The Public Interest

How to Make Bail Safer

Martin D. Sorin

Summer 1984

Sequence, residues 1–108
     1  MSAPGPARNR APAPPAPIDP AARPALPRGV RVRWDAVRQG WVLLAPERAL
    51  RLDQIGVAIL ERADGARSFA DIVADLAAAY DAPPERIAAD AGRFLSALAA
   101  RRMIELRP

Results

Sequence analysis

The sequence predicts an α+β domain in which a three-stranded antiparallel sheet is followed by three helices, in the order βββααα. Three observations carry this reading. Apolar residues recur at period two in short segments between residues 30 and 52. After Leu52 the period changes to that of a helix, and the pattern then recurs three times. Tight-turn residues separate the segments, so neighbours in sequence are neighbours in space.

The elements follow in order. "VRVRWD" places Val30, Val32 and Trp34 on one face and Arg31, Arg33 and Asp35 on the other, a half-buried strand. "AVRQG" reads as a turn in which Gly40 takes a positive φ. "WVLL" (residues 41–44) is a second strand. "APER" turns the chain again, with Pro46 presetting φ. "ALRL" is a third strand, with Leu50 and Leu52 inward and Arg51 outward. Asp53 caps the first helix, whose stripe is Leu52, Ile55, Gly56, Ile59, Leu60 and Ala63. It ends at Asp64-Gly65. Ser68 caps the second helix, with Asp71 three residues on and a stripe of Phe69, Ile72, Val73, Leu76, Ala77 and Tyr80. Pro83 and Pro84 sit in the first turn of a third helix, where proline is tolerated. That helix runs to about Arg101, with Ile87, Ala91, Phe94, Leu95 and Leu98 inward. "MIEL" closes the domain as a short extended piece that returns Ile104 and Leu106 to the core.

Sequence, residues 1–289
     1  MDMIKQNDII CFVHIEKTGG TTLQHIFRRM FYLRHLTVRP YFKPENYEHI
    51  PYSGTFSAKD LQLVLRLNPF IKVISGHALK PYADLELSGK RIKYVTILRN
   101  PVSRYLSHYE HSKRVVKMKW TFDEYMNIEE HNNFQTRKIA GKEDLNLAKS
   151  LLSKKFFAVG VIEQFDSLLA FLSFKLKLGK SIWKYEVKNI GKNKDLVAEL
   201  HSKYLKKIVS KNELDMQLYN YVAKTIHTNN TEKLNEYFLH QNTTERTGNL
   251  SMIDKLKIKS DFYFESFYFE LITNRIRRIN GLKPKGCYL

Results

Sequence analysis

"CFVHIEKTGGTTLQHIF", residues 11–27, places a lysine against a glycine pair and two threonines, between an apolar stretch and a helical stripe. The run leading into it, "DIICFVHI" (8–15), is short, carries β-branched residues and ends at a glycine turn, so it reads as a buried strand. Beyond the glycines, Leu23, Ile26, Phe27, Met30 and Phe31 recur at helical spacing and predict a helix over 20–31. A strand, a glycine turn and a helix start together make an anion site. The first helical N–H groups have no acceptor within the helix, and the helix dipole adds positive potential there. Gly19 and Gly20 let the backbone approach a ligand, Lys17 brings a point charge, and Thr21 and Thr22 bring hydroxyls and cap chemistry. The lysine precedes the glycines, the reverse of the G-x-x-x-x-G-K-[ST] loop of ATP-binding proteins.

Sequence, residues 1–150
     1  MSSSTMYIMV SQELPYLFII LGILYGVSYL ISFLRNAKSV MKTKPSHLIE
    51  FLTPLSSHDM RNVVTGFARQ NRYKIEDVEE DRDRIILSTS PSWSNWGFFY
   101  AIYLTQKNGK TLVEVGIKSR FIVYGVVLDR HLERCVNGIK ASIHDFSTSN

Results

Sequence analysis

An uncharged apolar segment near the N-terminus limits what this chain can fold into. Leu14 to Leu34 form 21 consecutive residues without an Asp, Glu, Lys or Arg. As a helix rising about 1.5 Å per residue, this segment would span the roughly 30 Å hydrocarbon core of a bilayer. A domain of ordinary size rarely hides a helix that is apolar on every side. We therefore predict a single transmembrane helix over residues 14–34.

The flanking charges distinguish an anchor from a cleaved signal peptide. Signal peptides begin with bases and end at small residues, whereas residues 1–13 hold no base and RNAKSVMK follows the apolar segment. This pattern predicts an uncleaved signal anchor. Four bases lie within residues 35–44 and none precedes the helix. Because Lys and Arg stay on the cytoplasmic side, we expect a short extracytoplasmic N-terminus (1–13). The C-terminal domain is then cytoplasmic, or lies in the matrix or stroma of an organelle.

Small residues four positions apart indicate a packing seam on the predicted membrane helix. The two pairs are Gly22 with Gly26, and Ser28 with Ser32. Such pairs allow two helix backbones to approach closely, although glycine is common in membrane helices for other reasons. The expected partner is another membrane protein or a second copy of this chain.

PERHAPS the most popular issue in the field of criminal justice today is selective incapacitation—the policy of singling out for detention those criminals who are most likely to repeat their crimes. Given the limited capacity of prisons and jails, it is impossible to incarcerate all those who deserve it. Thus, it is argued, particular attention must be paid to detaining those who pose the greatest risk of repeated, serious offenses. The question, of course, is how to identify these offenders, and one answer is through statistical “prediction.” Sophisticated batteries of predictive variables have been developed to try to determine whether a given defendant is likely to offend again. Advocates urge the use of forms of prediction tests both before adjudication (to detain the most likely offenders) and after (to incarcerate them).

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